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12. The Process of Re-Embodiment.

A woman, before and after conception, may dwell in thought much upon some real or ideal character, and this may attract to her that very character in spirit life. There are no ideals in the worldly sense. The ideal in thought represents some living type in the spirit. The highest character of which you are capable of conceiving has a representative in spirit, and your present highest conception may be relatively imperfect. Hence, your hero, your ideal, the actual reality in spirit life attracted to you, may still be incomplete, your incompleteness blinding you to his defects. 

Such a spirit may be attracted to a woman before her child is born. It may be the spirit of some one who was very prominent in an earth life. It may have been a poet, a philosopher, a warrior, a statesman, a great artist. That spirit may be very unhappy. It may be seeking rest and finding none. It may, through its imperfectness, be unable to come near those very dear to it in the life of its former body. On earth, spirits of the body may come apparently in close association. Much, then, may be inflicted by one and endured by the other. One side of a husband’s nature may be harsh, unfeeling, inconsiderate, and tyrannical, when the wife is always gentle, considerate, and uncomplaining. In spirit life they cannot again unite, until the defects on one side or the other have been cured. Spirits cannot come into close and permanent association unless their relationship be real. It cannot be assumed.

The woman so dwelling much in thought on some person in spirit life attracts that spirit, and gives to it the only rest it can find. You will here naturally love to be where you are much admired and made to feel at home. It is precisely the same with the spirit. When you entertain some spirit in the thought of appreciation and admiration, when you read of their lives, or dwell on their deeds or utterances, and are thrilled by them, you are often thrilled by the presence of that very spirit. Because, as you have sent out your thought or spirit to him, he sends his in return, responsive to yours, and in proportion to the intensity of your admiration will be the concentration of that spirit upon yours, and the nearness of its presence.

The spirit in question so attracted to the woman at the period of which we speak, and able to find no other rest, may at last, through such concentration of interest, be absolutely, though unconsciously, mesmerized by her. It attaches itself permanently to her. It is unable to leave her. It comes at last to see through her eyes and hear through her ears. Its opinions are swayed and tinged by her opinions more and more, until at last it ceases to have any of its own. The condition of mind so thrown upon the spirit may be seen all around us in greater or less degree. 

Thousands lose more or less of their individuality through the influence of others. Unconsciously, they think another’s thoughts, hold another’s opinions, see with another’s eyes. Mesmeric control means only thought control. To be much with another person, to have little other association, to be dependent for one’s happiness entirely on one association, involves the danger of the mesmeric or thought control of that person; in other words, of thinking their thoughts and holding their opinions instead of your own. Such control may be held unconsciously by the other, or it may be held consciously. It is to be guarded against by variety of association and periods of solitude, whereby we may “find our real selves.”

So absorbed in the woman, the spirit’s mind drifts towards what most occupies her attention. That naturally would be the child she is to bring into the world, or in other words, the new organization forming within her. It becomes attached to it by a spiritual link. In effect, the woman has unconsciously gained a total mesmeric control of the spirit. She has sent that spirit into a mesmeric sleep or state. In such state the spirit has already forgotten itself and its past existence. It is in a sense but a part of the woman, doing and thinking as she wills. It is then linked by a spiritual tie to the child, because the woman’s aspiration may be for a child like her ideal, the steady flow of thought in such desire forming this spiritual link. A flow of thought means a flow of substance, as real as any we see and feel. A flow of thought between you and another person is an unseen link between you and that other person, no matter how far distant are your bodies.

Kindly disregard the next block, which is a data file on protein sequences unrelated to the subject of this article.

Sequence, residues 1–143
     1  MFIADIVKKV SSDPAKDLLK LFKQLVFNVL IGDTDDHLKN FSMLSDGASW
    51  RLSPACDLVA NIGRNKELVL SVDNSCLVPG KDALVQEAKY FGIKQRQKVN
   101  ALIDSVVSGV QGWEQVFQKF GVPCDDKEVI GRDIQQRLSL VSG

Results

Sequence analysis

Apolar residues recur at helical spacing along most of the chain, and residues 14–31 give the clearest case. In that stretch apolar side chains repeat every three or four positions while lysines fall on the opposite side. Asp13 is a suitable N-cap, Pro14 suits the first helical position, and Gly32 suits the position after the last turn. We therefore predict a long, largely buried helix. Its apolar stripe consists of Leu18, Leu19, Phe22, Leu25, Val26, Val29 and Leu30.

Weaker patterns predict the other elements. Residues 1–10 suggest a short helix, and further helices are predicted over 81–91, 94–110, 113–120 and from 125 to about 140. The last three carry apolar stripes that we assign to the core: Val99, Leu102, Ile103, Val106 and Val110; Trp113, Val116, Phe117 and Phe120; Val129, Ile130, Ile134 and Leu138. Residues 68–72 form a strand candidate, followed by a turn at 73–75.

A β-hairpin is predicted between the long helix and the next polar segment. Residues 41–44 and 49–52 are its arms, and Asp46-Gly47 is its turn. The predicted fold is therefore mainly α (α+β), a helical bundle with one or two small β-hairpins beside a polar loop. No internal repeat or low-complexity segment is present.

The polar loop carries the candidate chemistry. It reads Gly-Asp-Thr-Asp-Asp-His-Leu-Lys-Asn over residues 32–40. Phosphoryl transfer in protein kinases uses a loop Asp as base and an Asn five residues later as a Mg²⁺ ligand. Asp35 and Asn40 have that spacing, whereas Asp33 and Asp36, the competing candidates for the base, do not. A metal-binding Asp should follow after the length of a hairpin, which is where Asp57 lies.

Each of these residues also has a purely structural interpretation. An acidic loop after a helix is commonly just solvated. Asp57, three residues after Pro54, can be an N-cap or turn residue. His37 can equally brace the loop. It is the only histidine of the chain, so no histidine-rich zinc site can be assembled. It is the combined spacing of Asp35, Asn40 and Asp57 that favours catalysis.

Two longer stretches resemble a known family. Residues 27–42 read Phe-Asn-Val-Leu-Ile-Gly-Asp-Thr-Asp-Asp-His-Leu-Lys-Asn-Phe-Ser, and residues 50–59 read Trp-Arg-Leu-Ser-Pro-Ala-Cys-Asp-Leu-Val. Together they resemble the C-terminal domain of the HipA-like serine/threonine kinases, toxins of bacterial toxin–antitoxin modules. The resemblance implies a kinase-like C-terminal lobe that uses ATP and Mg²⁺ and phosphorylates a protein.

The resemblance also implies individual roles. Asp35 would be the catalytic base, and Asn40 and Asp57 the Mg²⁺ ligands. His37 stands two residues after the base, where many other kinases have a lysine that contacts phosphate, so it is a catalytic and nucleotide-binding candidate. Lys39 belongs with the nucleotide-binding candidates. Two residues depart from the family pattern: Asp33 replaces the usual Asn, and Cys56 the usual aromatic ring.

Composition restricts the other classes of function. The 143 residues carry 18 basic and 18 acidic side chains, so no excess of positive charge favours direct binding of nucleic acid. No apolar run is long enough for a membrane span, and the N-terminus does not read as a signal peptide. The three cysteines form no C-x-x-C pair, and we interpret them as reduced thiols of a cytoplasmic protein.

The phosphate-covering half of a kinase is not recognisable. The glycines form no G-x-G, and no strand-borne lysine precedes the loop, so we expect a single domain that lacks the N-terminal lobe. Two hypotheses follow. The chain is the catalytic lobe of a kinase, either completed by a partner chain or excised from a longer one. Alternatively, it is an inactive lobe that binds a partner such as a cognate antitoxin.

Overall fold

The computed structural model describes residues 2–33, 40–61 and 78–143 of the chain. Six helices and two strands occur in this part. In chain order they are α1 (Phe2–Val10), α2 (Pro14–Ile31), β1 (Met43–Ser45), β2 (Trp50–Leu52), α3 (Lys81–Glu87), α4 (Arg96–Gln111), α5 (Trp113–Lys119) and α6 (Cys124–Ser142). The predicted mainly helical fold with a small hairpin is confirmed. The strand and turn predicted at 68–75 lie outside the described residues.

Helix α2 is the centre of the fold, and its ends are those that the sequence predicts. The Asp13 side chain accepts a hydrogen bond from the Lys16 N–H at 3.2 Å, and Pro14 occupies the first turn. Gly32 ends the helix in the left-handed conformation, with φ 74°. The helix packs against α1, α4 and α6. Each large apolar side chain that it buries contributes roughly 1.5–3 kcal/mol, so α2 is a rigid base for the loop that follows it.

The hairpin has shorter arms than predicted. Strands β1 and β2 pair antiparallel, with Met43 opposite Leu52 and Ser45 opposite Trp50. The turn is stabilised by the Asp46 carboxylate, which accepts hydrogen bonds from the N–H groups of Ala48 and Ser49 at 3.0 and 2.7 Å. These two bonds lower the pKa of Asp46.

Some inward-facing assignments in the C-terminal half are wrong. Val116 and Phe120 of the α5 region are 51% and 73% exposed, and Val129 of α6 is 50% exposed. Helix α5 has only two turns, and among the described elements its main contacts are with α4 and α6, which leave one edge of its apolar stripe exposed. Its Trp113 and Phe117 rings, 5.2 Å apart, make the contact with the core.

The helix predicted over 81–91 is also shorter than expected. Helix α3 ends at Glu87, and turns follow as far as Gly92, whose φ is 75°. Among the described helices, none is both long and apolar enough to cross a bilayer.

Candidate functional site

The child body is then born with an actually mesmerized spirit linked to it, not that the spirit is within the child’s body. No spirit is actually enclosed in any human body. Its nucleus is there, but a spirit is an organization which reaches far out from the body. A spirit is wherever it sends its thought. Send all your thought in reverie to any place, and most of your real self will be in that place.

The body is an organization distinct and apart from the spirit. It is simply the instrument used by the spirit in the earth state of existence. Being in an earth life, the spirit needs an instrument of earth in order to adapt itself to the requirements of the earth life; as when you go down in a coal‑mine, you need a coarse miner’s suit of clothes for use in the mine, rather than satin or broadcloth. In this sense the body is a protection to the spirit in its earth life; and spirits who lose their bodies before reaching a certain stage of knowledge and consequent power feel and suffer much from such loss, because the spiritual body or spirit, obliged by reason of its immaturity to remain on the earth (as very many are obliged to remain), may feel and suffer intensely from the thought of the mortals about it. It is “sensitive” to a degree which can hardly be realized here. Any person exceedingly impressional, and so made to feel pleasant or unpleasant by the presence of others, according to their nature or disposition, may comprehend to some extent how weak spirits, drawn by an attraction they cannot resist towards certain people, may be made to suffer. The body with all its ailments, resulting through ignorance of spiritual law, is still a protection to our immature spirit against the power of evil thought.